Learn more about Karlstadt and follow his steps thoughout history.
Karlstadt on the Main
1486-1499 Andreas Rudolff Bodenstein was born in Karlstadt, a small city on the Main River in the Franconia region of Germany, in 1486. As was customary for his time, he was called Karlstadt after his hometown.
Erfurt and Cologne
1499-1504 Karlstadt studied in Erfurt between 1499 and 1502, receiving a Bachelor of Arts degree, and he continued his academic studies in Cologne from 1502 to 1505.
1505-1515 In 1505, Karlstadt moved to the University of Wittenberg, newly founded in 1502, and he was promoted to Master of Arts. In 1510, he attained the degree of Doctor of Theology and was ordained as a priest. The following year, Karlstadt became archdeacon in the collegiate Church of All Saints. With this new position came teaching responsibilities in the University’s theology faculty. Alongside his duties as priest and professor, he also continued earlier studies in jurisprudence.
1515-1516 During a stay in Rome from November 1515 to May 1516, Karlstadt obtained the doctorate utriusque iuris, that is, of both civil and canon law, from the University of Rome.
1516-1523 Upon his return to Wittenberg, Karlstadt felt challenged by the innovative theological proposals of his colleague Martin Luther. He became an adherent of the “new theology” of grace. Together with Luther, Karlstadt defended this theology against John Eck, Professor of Theology at Ingolstadt, at the Leipzig Disputation from June 27 to July 15, 1519. During Luther’s absence from Wittenberg while secluded in the Wartburg castle (from May 1521 until February 1522), Karlstadt became one of the driving forces of a dynamic intended to transform Wittenberg into a model
1523-1524 After Luther’s return to Wittenberg in early March 1522, divergences appeared between him and Karlstadt. The University censored Karlstadt’s publications, and he began to distance himself from his academic and ecclesial colleagues. In 1523, he began pastoral work in the small rural parish of Orlamünde in Thuringia. He also worked as a peasant farmer, hoping to gain independence from his ecclesiastical income and support his family by manual labor. He also abandoned the title of “doctor,” and published works as “a new layman.” In Orlamünde, Karlstadt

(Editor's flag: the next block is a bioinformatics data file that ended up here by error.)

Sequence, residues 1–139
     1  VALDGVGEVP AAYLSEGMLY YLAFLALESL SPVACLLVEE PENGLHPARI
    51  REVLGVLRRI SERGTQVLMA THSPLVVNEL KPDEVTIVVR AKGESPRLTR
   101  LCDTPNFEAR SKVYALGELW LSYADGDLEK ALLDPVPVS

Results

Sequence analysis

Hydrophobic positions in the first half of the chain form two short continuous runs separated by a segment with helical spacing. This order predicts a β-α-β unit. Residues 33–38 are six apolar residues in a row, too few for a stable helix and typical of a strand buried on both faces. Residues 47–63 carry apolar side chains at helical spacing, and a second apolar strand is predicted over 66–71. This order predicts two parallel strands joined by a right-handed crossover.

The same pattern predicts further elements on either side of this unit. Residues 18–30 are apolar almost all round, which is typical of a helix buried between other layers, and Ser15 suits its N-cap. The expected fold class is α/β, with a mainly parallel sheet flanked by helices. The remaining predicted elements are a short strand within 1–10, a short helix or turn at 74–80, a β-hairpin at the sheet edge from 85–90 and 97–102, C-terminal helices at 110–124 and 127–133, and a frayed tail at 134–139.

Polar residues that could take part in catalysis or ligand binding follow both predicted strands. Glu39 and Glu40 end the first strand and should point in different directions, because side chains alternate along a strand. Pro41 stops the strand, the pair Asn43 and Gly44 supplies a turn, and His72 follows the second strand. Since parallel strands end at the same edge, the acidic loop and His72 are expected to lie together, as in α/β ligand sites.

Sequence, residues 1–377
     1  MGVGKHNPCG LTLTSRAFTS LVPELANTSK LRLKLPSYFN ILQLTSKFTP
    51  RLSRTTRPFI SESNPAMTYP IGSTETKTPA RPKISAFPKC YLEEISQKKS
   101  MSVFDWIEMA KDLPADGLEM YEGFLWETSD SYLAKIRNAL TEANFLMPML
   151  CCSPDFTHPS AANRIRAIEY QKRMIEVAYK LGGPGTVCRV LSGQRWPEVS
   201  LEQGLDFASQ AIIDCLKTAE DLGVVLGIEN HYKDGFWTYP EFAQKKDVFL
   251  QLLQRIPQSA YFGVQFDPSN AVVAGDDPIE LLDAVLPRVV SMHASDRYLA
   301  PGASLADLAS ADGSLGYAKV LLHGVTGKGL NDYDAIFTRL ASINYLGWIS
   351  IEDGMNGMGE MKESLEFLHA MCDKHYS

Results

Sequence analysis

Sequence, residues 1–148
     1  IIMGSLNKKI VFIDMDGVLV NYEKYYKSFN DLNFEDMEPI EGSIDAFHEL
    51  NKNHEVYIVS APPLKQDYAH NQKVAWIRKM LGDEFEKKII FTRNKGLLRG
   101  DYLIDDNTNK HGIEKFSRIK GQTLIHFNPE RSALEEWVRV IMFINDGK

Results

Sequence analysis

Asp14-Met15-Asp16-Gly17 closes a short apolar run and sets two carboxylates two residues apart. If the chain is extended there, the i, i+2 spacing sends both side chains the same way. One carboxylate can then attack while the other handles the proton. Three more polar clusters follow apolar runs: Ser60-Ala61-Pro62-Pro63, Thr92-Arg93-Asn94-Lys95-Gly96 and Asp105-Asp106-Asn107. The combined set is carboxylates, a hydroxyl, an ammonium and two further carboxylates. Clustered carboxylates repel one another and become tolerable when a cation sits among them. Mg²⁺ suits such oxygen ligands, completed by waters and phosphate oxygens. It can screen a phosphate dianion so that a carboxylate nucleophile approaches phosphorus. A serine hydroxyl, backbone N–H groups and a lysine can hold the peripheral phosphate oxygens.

Rothenburg on the Tauber
1524-1525 Karlstadt responded to Luther’s challenge with a volley of pamphlets spreading and defending his views on the Lord’s Supper and his rejection of infant baptism. He passed the winter of 1524-25 in the Franconian town of Rothenburg on the Tauber. His detractors implicated him in the local peasant rebellions, and he ended up a fugitive, unable to gain permission to reside in any territory.
Seegrehna / Kemberg
1525-1529 With nowhere else to turn, Karlstadt asked Luther to intercede for him before the new prince of Saxony, John, so that he could return there. In exchange, Luther demanded that Karlstadt retract his theological positions and maintain silence about the debates then breaking out with Ulrich Zwingli and others concerning the real presence of Christ in the sacrament. From mid-1525 until the beginning of 1529, Karlstadt subsisted with his family in the environs of Wittenberg, first as a farmer and then as a pedlar.
Kiel / Oldersum
1529-1530 By the beginning of 1529, Karlstadt was fed up with the supervision and control of all his contacts and movements, and he fled Saxony in order to assist the lay preacher Melchior Hoffman in a dispute with Johannes Bugenhagen over the Lord’s Supper. After he was expelled from Kiel in April 1529, Karlstad promoted his vision of reform in the surroundings of Oldersum, but Lutheran authorities frustrated his efforts there as well.
1530-1534 After passing through Strasbourg, Karlstadt distanced himself from Hoffman, and with the support of Ulrich Zwingli, he obtained a position as pastor at the Grossmünster in Zürich. For a short period in 1531, he was also parish administrator at Altstätten in the Rhine valley.
1534-1541 In 1534, Karlstadt moved to Basel and, after a decade away from the academy, he returned to teaching in the Faculty of Theology and actively collaborated in its reorganization. At the same time, he worked as a parish priest in Basel’s St. Peter’s Church. He died on December 24, 1541, a victim of the plague, which he contracted while ministering to the sick.